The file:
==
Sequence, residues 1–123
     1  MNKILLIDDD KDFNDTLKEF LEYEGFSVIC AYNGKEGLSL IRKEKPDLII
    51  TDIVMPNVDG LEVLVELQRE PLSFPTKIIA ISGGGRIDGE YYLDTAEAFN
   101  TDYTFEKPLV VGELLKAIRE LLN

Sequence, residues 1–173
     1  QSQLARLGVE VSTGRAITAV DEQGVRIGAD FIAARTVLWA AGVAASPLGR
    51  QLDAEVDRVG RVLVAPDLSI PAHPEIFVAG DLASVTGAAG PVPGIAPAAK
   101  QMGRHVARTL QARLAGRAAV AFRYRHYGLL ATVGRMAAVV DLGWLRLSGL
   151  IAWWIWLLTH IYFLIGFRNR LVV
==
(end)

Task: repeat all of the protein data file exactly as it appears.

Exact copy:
Sequence, residues 1–123
     1  MNKILLIDDD KDFNDTLKEF LEYEGFSVIC AYNGKEGLSL IRKEKPDLII
    51  TDIVMPNVDG LEVLVELQRE PLSFPTKIIA ISGGGRIDGE YYLDTAEAFN
   101  TDYTFEKPLV VGELLKAIRE LLN

Sequence, residues 1–173
     1  QSQLARLGVE VSTGRAITAV DEQGVRIGAD FIAARTVLWA AGVAASPLGR
    51  QLDAEVDRVG RVLVAPDLSI PAHPEIFVAG DLASVTGAAG PVPGIAPAAK
   101  QMGRHVARTL QARLAGRAAV AFRYRHYGLL ATVGRMAAVV DLGWLRLSGL
   151  IAWWIWLLTH IYFLIGFRNR LVV